Surrey bucks gender bias trend for science subjects
The proportion of women studying engineering and physical sciences at Surrey challenges the national trend in co-educational state schools.
A report by the Institute of Physics has revealed that co-educational state schools are re-enforcing gender stereotypes when it comes to choosing A level subjects. Almost half of mixed state schools (49 per cent) are achieving worse than the national average – which is already heavily imbalanced – when it comes to gender ratios.
By contrast, the proportion of female students on STEM (science, technology, engineering and mathematics) subjects at the University of Surrey paints a much more positive picture, equalling or exceeding the national average at degree level in every subject.
In Civil Engineering, 25 per cent of Surrey’s undergraduates are female compared to only 15 per cent nationally, and the proportion of women on Mechanical Engineering degrees at Surrey is almost twice the national average. In Computer Science, nearly a quarter of students are female (24 per cent) compared with 13 per cent nationally, while Electronic Engineering, Mathematics, Physics and Chemistry also have higher levels of female students than average.
Published on 9 December by the Institute of Physics, ‘Closing Doors: Exploring gender and subject choice in schools’ uses statistics from co-educational and single sex schools, both state-funded and independent, to build a picture of how far schools are countering gender biases. Looking at three subjects with a male bias (physics, maths and economics) and three with a female bias (biology, English and psychology), the report concludes that four out of five co-educational state schools achieve no more than the national average, while single sex schools do significantly better.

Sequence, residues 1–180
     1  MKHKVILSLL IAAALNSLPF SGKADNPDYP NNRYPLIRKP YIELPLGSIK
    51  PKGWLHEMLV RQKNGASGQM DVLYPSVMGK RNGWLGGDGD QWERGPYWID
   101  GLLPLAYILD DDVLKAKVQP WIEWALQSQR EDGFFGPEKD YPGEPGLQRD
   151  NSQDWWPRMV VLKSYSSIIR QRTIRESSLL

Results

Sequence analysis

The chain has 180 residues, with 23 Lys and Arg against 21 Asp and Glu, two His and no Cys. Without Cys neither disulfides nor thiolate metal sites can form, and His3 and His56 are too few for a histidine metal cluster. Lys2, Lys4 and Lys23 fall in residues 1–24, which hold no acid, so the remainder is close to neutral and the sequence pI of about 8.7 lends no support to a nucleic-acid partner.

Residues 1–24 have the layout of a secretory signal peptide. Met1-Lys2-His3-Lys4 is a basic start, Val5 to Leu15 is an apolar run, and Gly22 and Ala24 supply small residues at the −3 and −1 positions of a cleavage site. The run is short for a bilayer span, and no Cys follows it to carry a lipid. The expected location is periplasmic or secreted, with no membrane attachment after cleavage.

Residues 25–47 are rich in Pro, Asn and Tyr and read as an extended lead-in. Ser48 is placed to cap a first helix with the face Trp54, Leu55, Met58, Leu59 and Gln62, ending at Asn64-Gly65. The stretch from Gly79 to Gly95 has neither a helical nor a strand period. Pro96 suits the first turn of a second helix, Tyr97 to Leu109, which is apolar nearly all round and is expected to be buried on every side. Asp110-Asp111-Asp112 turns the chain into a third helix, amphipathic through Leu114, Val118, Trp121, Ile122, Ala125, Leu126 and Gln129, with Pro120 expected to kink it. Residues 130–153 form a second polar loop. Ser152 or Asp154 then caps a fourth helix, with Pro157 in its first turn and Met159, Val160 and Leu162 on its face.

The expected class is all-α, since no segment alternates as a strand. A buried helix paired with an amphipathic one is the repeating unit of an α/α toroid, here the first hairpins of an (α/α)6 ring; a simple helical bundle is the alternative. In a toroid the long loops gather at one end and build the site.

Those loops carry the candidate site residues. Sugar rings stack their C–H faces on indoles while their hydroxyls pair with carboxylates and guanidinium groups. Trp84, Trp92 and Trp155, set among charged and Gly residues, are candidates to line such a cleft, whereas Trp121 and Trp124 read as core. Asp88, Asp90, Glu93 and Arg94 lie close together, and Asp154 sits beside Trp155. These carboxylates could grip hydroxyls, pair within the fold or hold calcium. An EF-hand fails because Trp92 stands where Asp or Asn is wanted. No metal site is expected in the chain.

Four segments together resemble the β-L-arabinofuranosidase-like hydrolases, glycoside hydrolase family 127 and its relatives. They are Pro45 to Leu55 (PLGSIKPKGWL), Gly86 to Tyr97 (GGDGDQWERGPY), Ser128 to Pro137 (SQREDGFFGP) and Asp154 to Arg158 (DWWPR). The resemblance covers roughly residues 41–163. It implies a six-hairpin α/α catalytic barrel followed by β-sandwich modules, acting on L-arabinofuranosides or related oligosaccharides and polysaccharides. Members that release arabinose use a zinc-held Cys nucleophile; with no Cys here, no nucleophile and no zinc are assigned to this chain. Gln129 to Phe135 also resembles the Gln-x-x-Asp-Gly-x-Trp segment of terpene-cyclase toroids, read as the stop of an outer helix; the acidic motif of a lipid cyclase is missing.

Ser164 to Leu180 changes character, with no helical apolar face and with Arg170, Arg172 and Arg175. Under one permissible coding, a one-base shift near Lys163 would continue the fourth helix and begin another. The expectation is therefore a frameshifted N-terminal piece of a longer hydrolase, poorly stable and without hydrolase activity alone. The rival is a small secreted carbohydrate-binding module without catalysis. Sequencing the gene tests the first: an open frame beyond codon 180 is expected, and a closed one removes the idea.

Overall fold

‘Closing Doors’ follows the Institute of Physics’ ‘It’s different for girls’ report in 2012, which revealed that 49 per cent of state-funded co-educational schools sent no girls on to take A level Physics, while girls in a single sex school were 2.4 times more likely to choose Physics than girls in a co-educational school.
Describing the 2013 report’s conclusions as “a woeful picture,” Institute of Physics President Frances Saunders said: “Schools are failing to counter whatever external factors drive school children to make gendered choices. Our schools are closing doors to both male and female students.”
However the report reveals that it is not all bad news: the picture is less bleak in single sex schools and co-educational independent schools, while co-educational state schools with a sixth form perform better than those without. A small number of co-educational state schools also demonstrate that it is possible to counteract gender imbalances.
Professor Julie Yeomans, Head of the Department of Mechanical Engineering Sciences, commented, “Subjects such as Mechanical Engineering require A level physics, so being put off taking this subject at school can really limit girls’ options. We need to encourage young women to study science as, once here, our female students often achieve wonderful things. Recent graduates such as Abbie Hutty, Samantha Simons and Johanna-Marie Best – who have all won prestigious national awards – demonstrate that women are every bit as suited to these subjects as their male counterparts.”